The numbers posted as a comparison between the U.S. and Iraq are meaningless. First of all, which "allies" can we count on committing troops? Britain... maybe. Plus, it doesn't matter how many troops we have over all, just what we can get in theater quickly in order to avoid chem/bio attacks at ports and airheads. There's a lot more to this problem than the average person would see without a lot of reading and research.
Agreed Marine,

It's not about how many units we have total, it's about how many we can get into the fight. Also, almost no military engagement results in no lives lost. I am in the camp of thinking that we should use a massive force in terms of numbers as opposed to using small numbers with precision. You can still be surgical with a large force, and possibly even persuade the opposition to not fight for fear of complete destruction.

I will ask another series of questions though. Has our ability to suppress enemy air defenses increased or decreased since the gulf war? Has Iraq's air defense system improved, worsen, or stay about the same since the gulf war?Depending on the answers, one could make the arguement that Iraq's air defense is not something that has to be a source of major worry, since it has been faced before.

However, this is all academic, and I have no room to speak, because I haven't even been in the military.
Delta3 said:
Saddam Hussein put Iraq's Air Force on high alert just in case the USA decides to attack.

I personally think an air war will last no longer than a weekend.

Translation: Iraq's Airforce what little is left since most flew to Iran to save their butts, decides which country to relocate their airplanes to this time.

You seem to ignore the fact that the current administration has many of the same leaders (ie Powell and Cheney and another Bush) that were in place during the previous action.

"If" we actually do that, you can be assured that nothing will be done half a$$ed.


When we went to war in 1991, nobody had heard of Bill Clinton. We were building out a 40 wing Air Force. The aggressors were still doing road shows, flying against operational fighter units once a year, honing everyone's skills. Fighter guys went to Red Flag once a year, and likely did a Cope Thunder or a Maple Flag along the way. Flight commanders were on their second fighter tour, and had 1000 hours in their respective jets. Navy guys were still building up to the "600 ship" fleet. Nobody knew what a "contingency TDY" was. The forces that went to war in 1991 were very different than the forces in place today.

In 2002, you have tons of guys who have 200-400 hours circling in caps. Red Flags have been cancelled. Half a guys training sorties may have been "red air", simulating a Fulcrum threat since the aggressors have been decimated and have become simply a training aid at Red Flag. Your flight commander may have done a "desk" job for one tour, have 700 hours, and not even be an instuctor pilot. We train very well--but the chief complaint among the current ops guys is we spend too much time doing non-training stuff and too much time flying circles in the sky. The drawdown of 1992-1996 has decimated the experience level of the force. There are plenty of great guys who remain...but there are a lot less planes, pilots, and soldiers than there were in 1991.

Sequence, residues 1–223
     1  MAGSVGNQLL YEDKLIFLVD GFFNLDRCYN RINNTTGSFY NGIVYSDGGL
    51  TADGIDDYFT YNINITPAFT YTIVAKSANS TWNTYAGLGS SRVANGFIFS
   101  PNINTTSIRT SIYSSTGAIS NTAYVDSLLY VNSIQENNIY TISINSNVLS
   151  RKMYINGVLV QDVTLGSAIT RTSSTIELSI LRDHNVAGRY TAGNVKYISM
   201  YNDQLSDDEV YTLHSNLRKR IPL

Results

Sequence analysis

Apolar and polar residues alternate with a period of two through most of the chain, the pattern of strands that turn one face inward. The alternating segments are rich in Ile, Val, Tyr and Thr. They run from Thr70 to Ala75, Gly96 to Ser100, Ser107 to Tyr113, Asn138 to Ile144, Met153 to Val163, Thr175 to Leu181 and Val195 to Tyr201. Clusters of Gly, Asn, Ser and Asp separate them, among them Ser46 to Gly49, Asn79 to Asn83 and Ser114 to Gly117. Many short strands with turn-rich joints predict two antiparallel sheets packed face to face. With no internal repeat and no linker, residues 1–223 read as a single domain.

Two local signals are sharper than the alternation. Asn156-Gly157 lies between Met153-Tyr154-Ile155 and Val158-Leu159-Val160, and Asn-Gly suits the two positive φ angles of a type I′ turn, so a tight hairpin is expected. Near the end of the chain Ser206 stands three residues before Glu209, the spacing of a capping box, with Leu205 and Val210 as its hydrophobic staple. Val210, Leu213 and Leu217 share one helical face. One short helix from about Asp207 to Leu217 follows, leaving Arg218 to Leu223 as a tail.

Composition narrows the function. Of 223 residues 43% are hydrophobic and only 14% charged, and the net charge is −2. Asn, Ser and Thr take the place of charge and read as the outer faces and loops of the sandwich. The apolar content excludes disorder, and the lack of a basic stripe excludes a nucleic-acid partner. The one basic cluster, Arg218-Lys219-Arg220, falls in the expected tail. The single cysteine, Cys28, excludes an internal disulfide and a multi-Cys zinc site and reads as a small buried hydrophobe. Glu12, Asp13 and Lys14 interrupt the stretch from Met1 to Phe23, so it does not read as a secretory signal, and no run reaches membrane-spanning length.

This is not the same Air Force that went to war in 1991. In many ways, it is a much better force...with much better equipment and a more modern doctrine. However...I think the old craniums will tell you a 1988 fighter pilot spent more time TRAINING and less time boring holes and doing red air than a 2001 pilot.

Again--we'll do what we are tasked. However...like I told my guys whenever I was mission CC on a no-fly zone enforcement mission over Northern or Southern Iraq..."guys...for the next 6 hours, its not the president, or the secretary of the AF, or the chief of staff, or the generals enforcing this no fly zone...its US! Have your sh!t together, and be proud you are at the point of the spear" . I'm glad to work for Bush, Cheney, and Powell...but when the shooting starts they are irrelevant. You are only as good as your last mission, and the next mission will only be as good as the mission commander in charge. This is not a F*cking game...it will be war with lives in the balance. I hope we find a way to work around that outcome....